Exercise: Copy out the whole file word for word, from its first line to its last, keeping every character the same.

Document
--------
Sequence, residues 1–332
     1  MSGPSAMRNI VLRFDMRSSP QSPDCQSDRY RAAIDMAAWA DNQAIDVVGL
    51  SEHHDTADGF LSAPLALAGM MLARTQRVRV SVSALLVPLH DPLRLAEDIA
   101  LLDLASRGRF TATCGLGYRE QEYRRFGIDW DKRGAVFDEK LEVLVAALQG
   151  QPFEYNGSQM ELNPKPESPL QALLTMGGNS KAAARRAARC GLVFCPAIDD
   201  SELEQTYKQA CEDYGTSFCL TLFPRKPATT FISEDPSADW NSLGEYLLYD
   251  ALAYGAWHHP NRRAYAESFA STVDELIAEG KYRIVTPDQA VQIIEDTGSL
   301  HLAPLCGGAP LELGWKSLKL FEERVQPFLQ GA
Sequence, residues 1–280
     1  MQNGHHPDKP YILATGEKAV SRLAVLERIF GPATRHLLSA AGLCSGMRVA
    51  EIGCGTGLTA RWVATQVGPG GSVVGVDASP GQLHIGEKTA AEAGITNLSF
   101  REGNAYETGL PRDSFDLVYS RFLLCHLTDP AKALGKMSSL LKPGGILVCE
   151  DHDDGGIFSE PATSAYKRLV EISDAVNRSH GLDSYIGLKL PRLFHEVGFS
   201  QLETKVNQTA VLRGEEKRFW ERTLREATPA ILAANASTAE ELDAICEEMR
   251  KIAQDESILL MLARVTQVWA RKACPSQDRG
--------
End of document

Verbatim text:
Sequence, residues 1–332
     1  MSGPSAMRNI VLRFDMRSSP QSPDCQSDRY RAAIDMAAWA DNQAIDVVGL
    51  SEHHDTADGF LSAPLALAGM MLARTQRVRV SVSALLVPLH DPLRLAEDIA
   101  LLDLASRGRF TATCGLGYRE QEYRRFGIDW DKRGAVFDEK LEVLVAALQG
   151  QPFEYNGSQM ELNPKPESPL QALLTMGGNS KAAARRAARC GLVFCPAIDD
   201  SELEQTYKQA CEDYGTSFCL TLFPRKPATT FISEDPSADW NSLGEYLLYD
   251  ALAYGAWHHP NRRAYAESFA STVDELIAEG KYRIVTPDQA VQIIEDTGSL
   301  HLAPLCGGAP LELGWKSLKL FEERVQPFLQ GA
Sequence, residues 1–280
     1  MQNGHHPDKP YILATGEKAV SRLAVLERIF GPATRHLLSA AGLCSGMRVA
    51  EIGCGTGLTA RWVATQVGPG GSVVGVDASP GQLHIGEKTA AEAGITNLSF
   101  REGNAYETGL PRDSFDLVYS RFLLCHLTDP AKALGKMSSL LKPGGILVCE
   151  DHDDGGIFSE PATSAYKRLV EISDAVNRSH GLDSYIGLKL PRLFHEVGFS
   201  QLETKVNQTA VLRGEEKRFW ERTLREATPA ILAANASTAE ELDAICEEMR
   251  KIAQDESILL MLARVTQVWA RKACPSQDRG